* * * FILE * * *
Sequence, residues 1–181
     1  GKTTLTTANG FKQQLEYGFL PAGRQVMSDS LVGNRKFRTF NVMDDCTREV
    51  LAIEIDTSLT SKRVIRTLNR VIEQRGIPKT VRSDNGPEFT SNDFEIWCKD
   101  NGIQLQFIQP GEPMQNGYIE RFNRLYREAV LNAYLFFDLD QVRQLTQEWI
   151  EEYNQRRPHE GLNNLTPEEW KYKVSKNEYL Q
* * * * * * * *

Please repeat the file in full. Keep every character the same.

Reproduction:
Sequence, residues 1–181
     1  GKTTLTTANG FKQQLEYGFL PAGRQVMSDS LVGNRKFRTF NVMDDCTREV
    51  LAIEIDTSLT SKRVIRTLNR VIEQRGIPKT VRSDNGPEFT SNDFEIWCKD
   101  NGIQLQFIQP GEPMQNGYIE RFNRLYREAV LNAYLFFDLD QVRQLTQEWI
   151  EEYNQRRPHE GLNNLTPEEW KYKVSKNEYL Q